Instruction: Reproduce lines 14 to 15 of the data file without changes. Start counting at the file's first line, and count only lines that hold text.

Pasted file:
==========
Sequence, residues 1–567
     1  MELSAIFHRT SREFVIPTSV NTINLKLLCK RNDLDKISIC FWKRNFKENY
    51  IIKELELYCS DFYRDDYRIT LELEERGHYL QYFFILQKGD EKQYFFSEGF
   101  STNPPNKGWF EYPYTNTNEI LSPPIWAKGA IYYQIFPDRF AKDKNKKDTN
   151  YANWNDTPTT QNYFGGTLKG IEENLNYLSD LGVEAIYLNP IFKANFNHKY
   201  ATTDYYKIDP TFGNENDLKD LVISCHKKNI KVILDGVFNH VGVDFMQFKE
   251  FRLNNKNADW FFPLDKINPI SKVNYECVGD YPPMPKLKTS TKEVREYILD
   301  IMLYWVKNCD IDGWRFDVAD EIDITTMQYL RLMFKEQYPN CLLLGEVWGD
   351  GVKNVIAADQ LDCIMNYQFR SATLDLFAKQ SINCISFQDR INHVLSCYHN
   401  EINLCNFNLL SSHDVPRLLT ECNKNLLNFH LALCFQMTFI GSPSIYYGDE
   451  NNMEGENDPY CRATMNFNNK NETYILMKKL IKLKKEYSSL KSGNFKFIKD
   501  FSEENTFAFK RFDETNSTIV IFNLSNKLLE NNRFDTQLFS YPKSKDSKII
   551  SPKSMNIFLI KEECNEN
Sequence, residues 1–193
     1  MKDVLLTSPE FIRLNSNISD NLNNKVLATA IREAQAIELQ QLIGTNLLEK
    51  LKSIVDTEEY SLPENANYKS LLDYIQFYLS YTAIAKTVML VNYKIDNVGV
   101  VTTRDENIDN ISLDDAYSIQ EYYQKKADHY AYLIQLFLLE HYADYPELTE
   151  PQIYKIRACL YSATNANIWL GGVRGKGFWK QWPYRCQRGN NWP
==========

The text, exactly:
Sequence, residues 1–193
     1  MKDVLLTSPE FIRLNSNISD NLNNKVLATA IREAQAIELQ QLIGTNLLEK